Famed for some of the world’s finest whiskies, seafood and coastal seascapes, the Isle of Islay also has the Machrie Hotel with its championship links golf course. The restaurant at the Machrie is fittingly named ‘18’, which is one less than common parlance for a course clubhouse. Yet this is so much more than a locker room where spiked-shoed golfers gather for gammon and chips.

Giant windows in the main restaurant (open to non-golfers) look out to sea beyond the manicured turf of the course. Dining at the Machrie is most suitable to mark a special occasion, but it isn’t out of budget for lots of people touring the island from a campsite near Islay. Classic British mains with elegant twists can be found on the dinner menu, and there are separate listings with plenty of choice for vegetarians and vegans. There is also a bar menu for lighter bites if you’re simply calling in or fancy something to eat before hitting the course.

This part of Scotland is well known for being home to some of the finest golf courses in the United Kingdom. If you’d like golfing to be part of your holiday itinerary, read more about the best golf courses in Argyll and Bute.

Combine fine dining with fine whiskey on the Isle of Islay

Sugar Boat, Helensburgh

An award-winning restaurant named the best in Scotland in recent years, the Sugar Boat sits in Helensburgh’s rather grand, green and open Colquhoun Square. To the front of the building is a café-style area where visitors can watch the world go by, and to the rear, a spacious dining room and enclosed courtyard.

The Sugar Boat is owned by Scott Smith, who founded a couple of Michelin-starred restaurants in London with the kitchen run by one of his former head chefs. The food is described as 'pared down’ in the Michelin guide, with seasonal local produce influencing what’s on the specials alongside mains inspired by classic favourites.

Helensburgh is only a few miles from Loch Lomond and can be easily reached from a campsite in Alexandria on its southern edge.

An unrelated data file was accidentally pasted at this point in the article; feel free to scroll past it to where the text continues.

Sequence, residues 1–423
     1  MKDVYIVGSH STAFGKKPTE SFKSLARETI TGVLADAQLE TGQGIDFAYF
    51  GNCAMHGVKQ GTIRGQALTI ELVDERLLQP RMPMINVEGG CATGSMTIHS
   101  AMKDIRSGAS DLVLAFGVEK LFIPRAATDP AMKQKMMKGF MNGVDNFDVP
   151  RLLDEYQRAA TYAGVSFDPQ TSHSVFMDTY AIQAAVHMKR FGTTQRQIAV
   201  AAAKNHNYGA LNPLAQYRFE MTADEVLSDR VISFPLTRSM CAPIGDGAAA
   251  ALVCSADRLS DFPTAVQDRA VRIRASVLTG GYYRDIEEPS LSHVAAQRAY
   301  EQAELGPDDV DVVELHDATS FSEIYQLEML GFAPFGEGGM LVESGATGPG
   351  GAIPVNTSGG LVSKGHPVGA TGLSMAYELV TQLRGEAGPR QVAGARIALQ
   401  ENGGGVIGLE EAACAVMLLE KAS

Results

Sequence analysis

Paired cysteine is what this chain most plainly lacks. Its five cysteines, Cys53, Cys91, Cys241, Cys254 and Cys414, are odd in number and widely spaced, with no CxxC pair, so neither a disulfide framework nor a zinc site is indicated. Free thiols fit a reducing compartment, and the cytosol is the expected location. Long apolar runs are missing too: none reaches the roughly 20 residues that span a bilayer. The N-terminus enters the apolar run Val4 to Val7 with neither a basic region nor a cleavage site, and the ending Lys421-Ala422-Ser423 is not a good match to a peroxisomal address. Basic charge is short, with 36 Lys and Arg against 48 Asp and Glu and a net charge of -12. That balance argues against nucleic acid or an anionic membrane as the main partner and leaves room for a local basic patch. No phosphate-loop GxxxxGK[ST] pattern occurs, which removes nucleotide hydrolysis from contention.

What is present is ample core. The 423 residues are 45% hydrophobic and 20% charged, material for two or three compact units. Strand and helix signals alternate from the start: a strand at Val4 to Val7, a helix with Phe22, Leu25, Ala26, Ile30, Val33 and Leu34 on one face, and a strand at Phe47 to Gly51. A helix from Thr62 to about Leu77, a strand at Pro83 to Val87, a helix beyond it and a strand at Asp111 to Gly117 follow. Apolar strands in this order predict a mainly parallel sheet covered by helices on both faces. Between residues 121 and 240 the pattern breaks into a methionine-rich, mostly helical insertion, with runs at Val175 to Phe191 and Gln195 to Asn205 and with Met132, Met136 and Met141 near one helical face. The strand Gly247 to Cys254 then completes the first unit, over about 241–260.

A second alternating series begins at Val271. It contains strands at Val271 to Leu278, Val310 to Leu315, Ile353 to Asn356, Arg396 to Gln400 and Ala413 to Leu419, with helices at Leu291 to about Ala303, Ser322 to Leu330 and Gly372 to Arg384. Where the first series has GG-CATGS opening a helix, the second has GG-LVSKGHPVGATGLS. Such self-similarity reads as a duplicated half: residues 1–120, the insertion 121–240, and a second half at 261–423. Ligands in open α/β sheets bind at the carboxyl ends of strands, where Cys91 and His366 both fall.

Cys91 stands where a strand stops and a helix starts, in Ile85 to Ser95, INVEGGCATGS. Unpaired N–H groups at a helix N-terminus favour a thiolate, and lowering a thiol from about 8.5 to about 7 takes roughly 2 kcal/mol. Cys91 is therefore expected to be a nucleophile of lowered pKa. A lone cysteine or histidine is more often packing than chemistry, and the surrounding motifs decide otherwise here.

Airds, Port Appin

An 18th-century former coaching inn, Airds Hotel and Restaurant is in Port Appin, where the ferry runs to the Isle of Lismore. This popular option sits in hillside gardens overlooking Loch Linnhe, with views of Castle Stalker and the silhouette of the Morven Mountains beyond.

Dinner here is a fine dining experience, with classic mains of local seafood and meats in an unhurried, country house setting. A stroll through the grounds to the beach below with a wee dram from the whisky bar is a must afterwards. Children are welcome, though only until 7.30pm in the main restaurant.

Pitch up at a campsite on the Appin coast.

The Oban Fish and Chip Shop

There are plenty of fine seafood restaurants in Oban. Etive on Stevenson Street has a good reputation, as does Ee-Usk at the North Pier. But sometimes, only fish and chips will do. Especially at the seaside. That’s why a visit to the Oban Fish and Chip Shop is a must. This top chippie in the centre of town has advertised itself for years as serving fish and chips that were described by Rick Stein as ‘the best I’ve ever tasted’.

It’s not only cod and chips on the menu, either. This fine establishment serves up sole, halibut, hake and squat lobster, which is all supplied daily from the fishmonger at South Pier. There’s also haggis, burgers, and black and white pudding direct from the local butcher. It’s not surprising the 40-seater restaurant is almost always full.

Book your pitch with a sea view at a campsite in Oban. Or explore the wider west of Scotland by picking your holiday base from our complete list of sites and parks in Argyll and Bute.

After fish and chips, a boat trip from Oban to see the puffins and seabird colonies on the Isle of Staffa, the seals on the rocks off Kerrera, or a cruise around the Hebrides is a popular way to spend the day. That’s only one of the many attractions in the area, though – click here to read more about all of the other things to do in Argyll and Bute.